Two twin sisters, Mikage and Tomomi, are opposites in almost every way. Mikage is gentle, feminine, and intelligent, though she has a tendency to have explosive experiments in chem class. Tomomi is tomboyish, good at sports, and not really so good in book-smarts. They do, however, have one *major* thing in common: they're psychics. That's right - they can manipulate small objects with only their minds, communicate with each other telepathically, and they can even teleport if they're in contact with one another. At least their boyfriends (and everyone else) have gotten used to it by now ... what a mess it would be if this ESPer thing was such a big deal!
Now, in the real world, these two teens would be subjected to so many experiments by the Japanese government, they'd look like that kid from Spriggan. However, this *isn't* the real world, which is readily apparent when the supporting characters in this series don't even flinch when these girls start popping out of thin air at random intervals, since apparently, this sort of thing happens all the time.
This sort of ridiculously surreal storytelling is just one of the problems I have with Miracle Girls, which is one of the least memorable shoujo anime I have ever seen. Now, Miracle Girls is based on the manga by Akimoto Nami, which was a charming, if average series about romantic hijinks between the girls and their (prospective) boyfriends, complicated some because they're trying to hide their psychic power.
The animators unwisely decided to remove much of the conflict in this series by saying, "Hey, let's have just about everyone figure out right away that Mikage and Tomomi are psychic!" And worse, they turned prospective boyfriends into "Oh, we're actually going out already," turning a potentially interesting series into something deadly dull, real quick. So what do these people do to reinject some actual interest into this series?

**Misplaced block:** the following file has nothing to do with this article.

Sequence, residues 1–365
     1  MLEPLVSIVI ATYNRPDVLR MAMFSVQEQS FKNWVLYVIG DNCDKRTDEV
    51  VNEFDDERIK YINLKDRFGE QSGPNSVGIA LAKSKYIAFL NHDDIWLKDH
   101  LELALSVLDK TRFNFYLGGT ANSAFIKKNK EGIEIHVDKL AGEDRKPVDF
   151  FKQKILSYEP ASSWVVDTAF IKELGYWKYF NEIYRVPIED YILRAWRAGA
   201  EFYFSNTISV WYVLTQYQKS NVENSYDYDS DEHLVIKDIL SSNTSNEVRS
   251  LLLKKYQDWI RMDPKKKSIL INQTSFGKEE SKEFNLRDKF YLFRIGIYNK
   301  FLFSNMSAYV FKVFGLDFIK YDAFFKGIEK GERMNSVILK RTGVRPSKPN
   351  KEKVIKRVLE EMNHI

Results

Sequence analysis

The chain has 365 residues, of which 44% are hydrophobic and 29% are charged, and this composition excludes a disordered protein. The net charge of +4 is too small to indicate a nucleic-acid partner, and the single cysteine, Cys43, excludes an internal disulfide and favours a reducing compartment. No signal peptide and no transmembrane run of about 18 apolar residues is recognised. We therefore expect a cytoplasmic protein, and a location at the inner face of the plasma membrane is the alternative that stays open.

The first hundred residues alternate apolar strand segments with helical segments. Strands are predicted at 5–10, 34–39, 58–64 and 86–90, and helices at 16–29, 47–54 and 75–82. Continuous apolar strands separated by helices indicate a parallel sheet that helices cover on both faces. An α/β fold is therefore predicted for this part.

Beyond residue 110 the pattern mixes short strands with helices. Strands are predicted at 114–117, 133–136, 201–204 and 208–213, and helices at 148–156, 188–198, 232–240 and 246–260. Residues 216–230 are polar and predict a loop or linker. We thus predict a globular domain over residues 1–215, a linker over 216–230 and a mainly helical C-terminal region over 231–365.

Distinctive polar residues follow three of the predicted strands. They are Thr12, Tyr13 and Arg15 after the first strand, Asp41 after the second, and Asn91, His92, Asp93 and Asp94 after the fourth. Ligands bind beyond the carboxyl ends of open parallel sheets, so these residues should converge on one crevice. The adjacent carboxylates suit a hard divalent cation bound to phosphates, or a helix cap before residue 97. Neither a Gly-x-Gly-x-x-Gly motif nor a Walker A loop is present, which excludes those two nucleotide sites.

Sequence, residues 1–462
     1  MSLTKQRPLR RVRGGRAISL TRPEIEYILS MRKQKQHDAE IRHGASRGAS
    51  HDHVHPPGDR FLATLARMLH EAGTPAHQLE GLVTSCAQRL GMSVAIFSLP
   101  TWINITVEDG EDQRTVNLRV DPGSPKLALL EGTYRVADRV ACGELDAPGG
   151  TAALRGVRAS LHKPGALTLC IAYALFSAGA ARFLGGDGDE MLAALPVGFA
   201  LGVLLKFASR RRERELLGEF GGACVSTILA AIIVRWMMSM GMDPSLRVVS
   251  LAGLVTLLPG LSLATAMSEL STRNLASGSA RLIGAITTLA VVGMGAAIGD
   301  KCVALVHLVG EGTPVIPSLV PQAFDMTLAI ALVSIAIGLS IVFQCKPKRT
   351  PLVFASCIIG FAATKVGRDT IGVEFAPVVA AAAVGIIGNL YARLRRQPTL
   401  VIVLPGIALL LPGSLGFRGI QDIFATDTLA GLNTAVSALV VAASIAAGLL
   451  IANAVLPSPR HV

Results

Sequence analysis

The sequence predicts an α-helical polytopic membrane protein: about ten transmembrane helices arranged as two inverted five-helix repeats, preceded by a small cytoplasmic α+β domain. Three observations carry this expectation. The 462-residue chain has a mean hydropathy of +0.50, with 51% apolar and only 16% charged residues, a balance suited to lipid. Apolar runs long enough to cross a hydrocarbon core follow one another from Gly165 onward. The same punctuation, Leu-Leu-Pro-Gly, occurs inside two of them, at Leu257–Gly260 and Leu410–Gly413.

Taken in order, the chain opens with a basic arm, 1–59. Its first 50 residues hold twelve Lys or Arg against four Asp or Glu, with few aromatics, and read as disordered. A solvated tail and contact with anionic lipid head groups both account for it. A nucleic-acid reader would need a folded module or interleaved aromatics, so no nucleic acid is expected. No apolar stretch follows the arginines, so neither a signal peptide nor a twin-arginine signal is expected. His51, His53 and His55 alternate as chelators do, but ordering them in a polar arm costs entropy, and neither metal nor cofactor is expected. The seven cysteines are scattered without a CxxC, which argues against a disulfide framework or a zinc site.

They have these two "ordinary" teenage girls thwart the hijacking of an airplane in the second episode of this show. Yes, you heard me correctly. It's like Kimagure Orange Road meets Die Hard, but with a fluffy, cutesy, shoujo style. And no one is surprised by this.
Now, normally I try to give a series about three to five episodes to either succeed or fall flat on its face, but Miracle Girls takes maybe half that to be relegated to the "don't bother watching any more" pile on my AVI directory. Still, I forged on, hoping that *maybe* it might get better, though admittedly, having the girls use their psychic powers to catch the super sale at Mervyn's loses about all its luster after the Mary Sue fanfic plot of "save the boyfriend from the evil hijacker" - it's hard to inject any sort of realism back into a series once you've already thrown it away with something that utterly unbelievable.
What about rolling that beautiful psychic footage? Well, there isn't any. The animation is subpar even for 1993 - a good many sources (Lord Carnage for example) have pegged this as an 80s title, which it is most certainly not. Compared to contemporaries such as Irresponsible Captain Tylor, Sailor Moon R, Slam Dunk, and Yu Yu Hakusho, this looks awful.
While the music is cute, there isn't a single conceivable reason that this series will remain in your memory for more than five minutes past the credits, unless you're a really big fan of the manga. Even then, you'll be wondering where on Earth the scenarists got the idea to put Mikage and Tomomi in such badly contrived situations, because even the most forgiving shoujo fan is going to see through this thing like it was cellophane. Miracle Girls will only entertain the young girl audience that its writers are so obviously pandering to, and even then, I imagine that a lot of them would be bored by this. Sure, it's not the worst thing you could pick up, but with so many other quality series already available in the market today, I can't recommend buying it unless you're an obsessive Miracle Girls completist.
And that's even rarer than having psychic twins avert the hijack of an airplane.
Totally unmemorable fluff that panders to its preteen audience, leaving adult shoujo fans slapping their foreheads in shame that anyone would buy this. — Carlos Ross
Recommended Audience: Best left for the 6-12 year old female audience of Nakayoshi readers who it was intended for. Teens and adults would have a hard time suspending their disbelief of the events of this series, and younger children might be scared by some of the psychic antics (and probably wouldn't care for the pretty pictures).
Version(s) Viewed: digital source
Review Status: Partial (4/51)
Miracle Girls © 1993 Akimoto Nami / Kodansha / NAS / JT / NTV
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